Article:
We thought it would be interesting to ask people the simple question: Why do you read? Here's our first installment, a fascinating article written by my dear friend Stevi Carroll, who recently started her own blog, Geezer Chick:
Davin asked me to write about why I read books. In a spirit of full disclosure (isn’t transparency all the rage these days?), I have to admit that until I was around 12 or 13, all I read were comic books, Archie and Veronica (see Sherman Alexie’s TONTO AND THE LONE RANGER FISTFIGHT IN HEAVEN to see how those characters can be used), Little Dot, and Richie Rich are a few I remember now. Sixth grade brought the Oz books to me, and I ate them up like candy, but they were better for my teeth. I spent seventh grade in Jeffery City, Wyoming, a mining town of 24 houses, around 100 trailers and a bunkhouse. I presently have a library larger and more diverse than the loaning library housed in a small room in the Quonset hut that also served as the movie theater, hair salon, dance studio for ballroom dancing for the teenagers, and church, Catholic Mass on Monday evenings. I was a little light on the reading that year. I lived in a larger town for eighth grade, and I don’t remember if St. Joseph’s School had a library or not. I did not venture into any public library that might have been available, but to help me pass the summer in another new town, my father loaned me his copy of James Michener’s HAWAII, and by the time I stepped into St. Joseph’s in the fall, I’d finished it. HAWAII was my first ‘grown-up’ book, and I still have that copy. Then the big switcheroo happened. My family moved to Redwood City, California, on the San Francisco Peninsula, and there I found a real public library. Whoa! Years after my first pass through those library doors, I wandered in and saw a book called HOW TO CHANGE YOUR OWN LAST NAME. That was my magical ticket to the last name I now have.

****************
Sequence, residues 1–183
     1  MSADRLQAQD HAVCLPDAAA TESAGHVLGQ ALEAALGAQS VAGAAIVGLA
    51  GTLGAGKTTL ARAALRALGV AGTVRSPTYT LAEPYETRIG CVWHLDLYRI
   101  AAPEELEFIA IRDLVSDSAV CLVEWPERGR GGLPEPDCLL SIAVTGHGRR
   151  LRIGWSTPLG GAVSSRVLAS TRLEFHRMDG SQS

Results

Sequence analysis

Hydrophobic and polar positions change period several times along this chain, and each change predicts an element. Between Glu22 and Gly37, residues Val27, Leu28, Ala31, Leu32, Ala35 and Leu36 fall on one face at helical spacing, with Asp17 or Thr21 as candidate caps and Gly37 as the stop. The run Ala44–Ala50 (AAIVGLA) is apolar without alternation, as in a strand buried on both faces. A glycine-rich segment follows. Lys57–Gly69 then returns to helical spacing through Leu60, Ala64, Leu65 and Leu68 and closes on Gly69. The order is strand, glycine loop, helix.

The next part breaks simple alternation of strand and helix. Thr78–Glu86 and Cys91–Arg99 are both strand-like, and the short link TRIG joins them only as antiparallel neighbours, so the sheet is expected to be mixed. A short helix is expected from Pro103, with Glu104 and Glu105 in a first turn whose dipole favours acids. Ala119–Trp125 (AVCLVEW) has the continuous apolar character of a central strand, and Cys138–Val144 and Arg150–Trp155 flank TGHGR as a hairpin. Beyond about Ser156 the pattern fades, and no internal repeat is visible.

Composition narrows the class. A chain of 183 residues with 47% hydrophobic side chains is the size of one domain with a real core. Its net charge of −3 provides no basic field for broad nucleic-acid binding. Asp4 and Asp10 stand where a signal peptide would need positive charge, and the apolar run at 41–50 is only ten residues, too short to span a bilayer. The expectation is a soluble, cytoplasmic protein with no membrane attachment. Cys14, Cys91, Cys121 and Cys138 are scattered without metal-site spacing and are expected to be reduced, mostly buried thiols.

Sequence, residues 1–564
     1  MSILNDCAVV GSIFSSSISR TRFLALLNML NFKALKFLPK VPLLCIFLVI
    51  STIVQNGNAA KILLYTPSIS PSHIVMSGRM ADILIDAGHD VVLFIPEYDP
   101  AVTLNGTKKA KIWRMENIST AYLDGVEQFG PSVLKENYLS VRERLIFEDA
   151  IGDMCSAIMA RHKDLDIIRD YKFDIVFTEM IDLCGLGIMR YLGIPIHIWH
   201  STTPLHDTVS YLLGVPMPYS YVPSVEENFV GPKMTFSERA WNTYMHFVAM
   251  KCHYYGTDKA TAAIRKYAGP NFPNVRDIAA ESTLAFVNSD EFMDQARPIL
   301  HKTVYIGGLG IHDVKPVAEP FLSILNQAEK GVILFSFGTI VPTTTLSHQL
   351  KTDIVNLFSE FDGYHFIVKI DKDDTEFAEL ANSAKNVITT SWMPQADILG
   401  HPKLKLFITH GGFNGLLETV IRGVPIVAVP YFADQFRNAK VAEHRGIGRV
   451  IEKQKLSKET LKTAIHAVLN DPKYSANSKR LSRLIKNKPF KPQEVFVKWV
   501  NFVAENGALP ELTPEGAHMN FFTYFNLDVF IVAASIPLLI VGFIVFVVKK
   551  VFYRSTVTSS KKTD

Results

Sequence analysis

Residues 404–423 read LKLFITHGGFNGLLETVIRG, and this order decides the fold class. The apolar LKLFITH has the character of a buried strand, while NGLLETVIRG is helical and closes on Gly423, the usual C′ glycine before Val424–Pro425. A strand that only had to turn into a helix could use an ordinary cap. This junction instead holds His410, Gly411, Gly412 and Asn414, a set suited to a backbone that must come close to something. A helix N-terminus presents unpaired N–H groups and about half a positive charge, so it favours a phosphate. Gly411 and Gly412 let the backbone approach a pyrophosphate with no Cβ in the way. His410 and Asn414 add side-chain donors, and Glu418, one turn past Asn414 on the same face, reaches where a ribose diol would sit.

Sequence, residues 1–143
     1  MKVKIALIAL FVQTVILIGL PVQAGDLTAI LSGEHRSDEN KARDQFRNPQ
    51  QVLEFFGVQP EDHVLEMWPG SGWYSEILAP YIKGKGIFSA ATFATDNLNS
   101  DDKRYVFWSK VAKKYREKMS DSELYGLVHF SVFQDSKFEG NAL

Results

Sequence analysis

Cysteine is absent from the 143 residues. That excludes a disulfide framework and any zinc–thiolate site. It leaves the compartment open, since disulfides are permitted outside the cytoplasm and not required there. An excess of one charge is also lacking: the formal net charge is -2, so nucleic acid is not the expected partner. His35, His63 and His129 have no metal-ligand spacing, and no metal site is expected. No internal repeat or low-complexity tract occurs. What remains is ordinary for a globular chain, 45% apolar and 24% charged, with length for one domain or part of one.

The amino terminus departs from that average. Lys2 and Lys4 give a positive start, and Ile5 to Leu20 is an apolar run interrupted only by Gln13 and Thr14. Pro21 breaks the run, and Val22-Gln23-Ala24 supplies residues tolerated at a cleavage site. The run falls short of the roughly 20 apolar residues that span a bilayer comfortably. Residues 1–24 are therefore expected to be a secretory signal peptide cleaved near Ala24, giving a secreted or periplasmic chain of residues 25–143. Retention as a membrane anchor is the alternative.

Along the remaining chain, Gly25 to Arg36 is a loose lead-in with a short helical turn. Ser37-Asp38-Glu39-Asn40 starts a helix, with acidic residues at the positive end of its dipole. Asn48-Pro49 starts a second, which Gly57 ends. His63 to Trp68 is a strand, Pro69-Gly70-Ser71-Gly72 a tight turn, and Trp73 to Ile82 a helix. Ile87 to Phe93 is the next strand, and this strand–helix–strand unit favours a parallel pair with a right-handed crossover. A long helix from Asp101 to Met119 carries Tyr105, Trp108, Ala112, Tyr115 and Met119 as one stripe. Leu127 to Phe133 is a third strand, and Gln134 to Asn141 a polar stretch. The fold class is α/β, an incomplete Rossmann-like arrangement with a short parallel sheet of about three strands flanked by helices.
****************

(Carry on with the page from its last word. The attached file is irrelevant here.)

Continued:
Another full disclosure: I’m white. When I was in second grade, my family lived in Grand Junction, Colorado. Uranium was a hot item lighting up defense contracts, and Grand Junction was part of the Southwest USA’s mining business. For some reason, two Negro girls were in my class. One chilly day, we were lined up around the classroom in front of the radiators when one of the girls admitted she had to go to the toilet and asked permission to leave the room. The teacher said no and the girl urinated on herself. My skull crawled with discomfort. Around that same time I think I may have told my father not say ‘nigger’ in our house anymore. I might have made that up because I wanted to say that. Moab, Utah, another uranium town with both a mine some place outside of town and a mill just across the Colorado River, is where I spent third, fourth and fifth grades. One over-90-degree summer afternoon, a cattle truck pulled up the dusty downtown street as my mother and I stood waiting to cross it. When I saw Navajo women disembark from the back of the truck dressed in heavy skirts and thick velvet blouses, looking hot and dusty, I asked my mother why these women, a number of men, and a bunch of kids rode into town in the back of a cattle truck. As I recall, she said, “They like it like that.” To me they looked hot and sticky; she might have been right. Right? The bed of a hot dusty cattle truck for miles across the desert. I really wondered about that. During eighth grade in Rawlins, Wyoming, and St. Joseph’s School, I got to see white superiority and Latino inferiority, except for the kid called Speedy Gonzales who was a really versatile athlete. As I said before, ninth grade took me to the Bay Area so for the first time in school I got to see real Black/White separation with the kids from East Palo Alto hanging together, except for the athletes, pretty much away from the White kids and vice versa, or rarely the twain should meet. One of the first books I remember checking out of the Redwood City Public Library is MAN’S MOST DANGEROUS MYTH: THE FALLACY OF RACE by Ashley Montagu. Books not only entertain me, they also explain what I observe and wonder about.